Twitter users will have more liberty with the 140-character limit than ever before. On September 20, Twitter activated the changes that were announced in May 2016. So, from now on, Twitter will not count @mentions and links as part of the 140-character tweet.
The 140-character limit is now only on text, which means you can tweet longer, without worrying if the link or the number of people you're replying to would exhaust the character limit.
Besides @mentions in replies, other add ons such as photos, gifs, links and quotes will not be part of the character count anymore. For instance, in following tweet, the text in between @mention(s) and the link totals to 140 characters:
@mention @mention2 Hey there, I can tweet in 140 characters and also include a link or pic without having to compromise on what I have to say, isn't this cool? <link>
Besides this, Twitter has also eliminated the need to use a dot before “@” for tweets starting with a handle mention. Earlier, when a tweet began with a handle mention, only those who followed both–the person who tweeted and the mentioned handle–were able to see the tweet. Some Twitterati found their way around it and started using “.@” to tag other people and display the tweet to everyone.
The new roll-out also includes the option to retweet one's own tweet and use it as a quote. This feature is useful especially when a long message breaks down into two tweets.
The history of 140 characters
The micro-blogging platform has become immensely popular since its founding in 2006, and has more than 300 million users today.
Twitter's design was inspired from the US SMS system with the maximum character limit of 160 characters. The founders of Twitter—Evan Williams, Jack Dorsey, Noah Glass and Biz Stone—reserved 20 characters for a username and the rest for the tweet. It soon became the USP of Twitter, which became the Word of the Year in 2009 and was defined as: “The ability to encapsulate human thought in 140 characters”.
Twitter: "The ability to encapsulate human thought in 140 characters" http://bit.ly/4GnFbZ— Biz Stone (@biz) January 15, 2010
Twitter, however, started off as twttr, in lieu of the SMS language at that time which eliminated the need for vowels to make up for lack of character space.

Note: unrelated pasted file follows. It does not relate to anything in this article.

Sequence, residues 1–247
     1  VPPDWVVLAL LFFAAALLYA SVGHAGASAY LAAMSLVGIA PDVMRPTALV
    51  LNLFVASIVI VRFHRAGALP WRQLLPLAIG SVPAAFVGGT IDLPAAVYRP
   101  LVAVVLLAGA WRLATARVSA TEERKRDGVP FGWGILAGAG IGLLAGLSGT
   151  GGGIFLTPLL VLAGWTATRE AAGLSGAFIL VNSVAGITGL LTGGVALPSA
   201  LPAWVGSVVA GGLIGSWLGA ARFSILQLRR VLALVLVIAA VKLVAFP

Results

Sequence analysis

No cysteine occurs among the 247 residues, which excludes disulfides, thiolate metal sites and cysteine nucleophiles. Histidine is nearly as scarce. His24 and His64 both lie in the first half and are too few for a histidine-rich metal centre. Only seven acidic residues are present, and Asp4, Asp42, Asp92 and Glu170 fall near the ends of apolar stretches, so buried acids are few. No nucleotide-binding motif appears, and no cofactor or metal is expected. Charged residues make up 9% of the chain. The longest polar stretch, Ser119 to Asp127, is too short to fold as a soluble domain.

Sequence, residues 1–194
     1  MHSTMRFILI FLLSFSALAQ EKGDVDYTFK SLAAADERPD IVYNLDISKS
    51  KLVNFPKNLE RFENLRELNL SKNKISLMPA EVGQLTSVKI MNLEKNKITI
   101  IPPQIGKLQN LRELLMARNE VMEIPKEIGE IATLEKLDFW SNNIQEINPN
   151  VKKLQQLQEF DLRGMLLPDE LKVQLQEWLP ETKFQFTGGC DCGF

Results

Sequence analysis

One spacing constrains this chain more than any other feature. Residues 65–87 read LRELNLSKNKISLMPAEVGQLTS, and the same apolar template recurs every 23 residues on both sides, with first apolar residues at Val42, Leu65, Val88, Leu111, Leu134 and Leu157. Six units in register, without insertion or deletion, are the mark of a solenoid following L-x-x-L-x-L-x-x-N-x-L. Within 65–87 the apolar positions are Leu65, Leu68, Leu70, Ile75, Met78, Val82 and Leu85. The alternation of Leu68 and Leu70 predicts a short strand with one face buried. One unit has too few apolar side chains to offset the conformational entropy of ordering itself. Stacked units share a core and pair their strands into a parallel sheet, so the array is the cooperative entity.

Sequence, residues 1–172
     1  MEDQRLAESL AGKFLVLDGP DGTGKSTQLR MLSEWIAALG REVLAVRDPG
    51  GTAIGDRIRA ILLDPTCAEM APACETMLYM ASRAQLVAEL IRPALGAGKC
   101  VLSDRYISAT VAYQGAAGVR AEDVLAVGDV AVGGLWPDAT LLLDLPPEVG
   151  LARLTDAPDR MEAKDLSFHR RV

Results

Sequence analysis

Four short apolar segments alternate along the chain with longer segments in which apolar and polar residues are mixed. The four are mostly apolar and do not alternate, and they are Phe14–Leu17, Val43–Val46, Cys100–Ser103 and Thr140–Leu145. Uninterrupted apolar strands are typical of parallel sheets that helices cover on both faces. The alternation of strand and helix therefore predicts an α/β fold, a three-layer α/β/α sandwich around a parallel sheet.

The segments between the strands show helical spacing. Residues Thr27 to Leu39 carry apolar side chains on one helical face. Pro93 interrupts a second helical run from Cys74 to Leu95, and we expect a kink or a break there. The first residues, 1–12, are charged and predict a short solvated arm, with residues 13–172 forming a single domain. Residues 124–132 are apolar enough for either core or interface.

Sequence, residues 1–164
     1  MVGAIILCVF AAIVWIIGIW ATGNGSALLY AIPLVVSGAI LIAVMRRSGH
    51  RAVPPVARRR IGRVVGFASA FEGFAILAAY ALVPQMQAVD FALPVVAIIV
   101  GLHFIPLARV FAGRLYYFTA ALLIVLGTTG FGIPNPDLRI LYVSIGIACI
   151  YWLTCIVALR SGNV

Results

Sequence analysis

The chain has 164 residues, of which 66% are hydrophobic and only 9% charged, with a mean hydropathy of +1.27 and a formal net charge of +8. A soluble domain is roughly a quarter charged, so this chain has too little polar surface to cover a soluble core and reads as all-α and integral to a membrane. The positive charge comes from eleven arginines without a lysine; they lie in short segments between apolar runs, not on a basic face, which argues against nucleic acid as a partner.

It took a few years for netizens to accept the 140-character limit. Experiencing frustration at not being able to fully express themselves, independent coders started projects to try and work a way around the limit—but not quite succeeding. Twitzer, for instance, launched in 2008 as a Firefox browser extension, truncated text to 140 characters and then provided a link to the rest of the tweet.
Later, several alternatives to Twitter hit the market. In May 2008, Plurk made an entry, boasting of a 210-character limit and an instant messaging feature. Identi.ca had nearly all the same features as Twitter when it began in July 2008, including the 140-character limit. Rejaw began in August 2008 on the Mac platform (followed later by a Windows version), allowing up to 1000 characters. It looked similar in design to Twitter, with 'shouts' (as tweets) and 'whispers' (as direct messaging).
In 2012, App.net was launched with a 256-character limit, while Keek (2010) was launched as a 'Twitter for videos'. For a while, even Tumblr was considered an alternative to Twitter because of its photo-posting option, before it became a unique blogging site in its own right.
But with Twitter incorporating newer features and growing, the competition remained stiff.
All this while, the users debated the ideal length of a tweet; some said it should be 200 characters, while others were convinced about 240 characters.
It was all put to rest when Jack Dorsey, months before he became permanent CEO of Twitter in 2015, tweeted:
After rolling out the changes to exclude handles and links from being counted in the character limit, it seems Twitter will stick to its 140-limit for text in tweets, no matter what.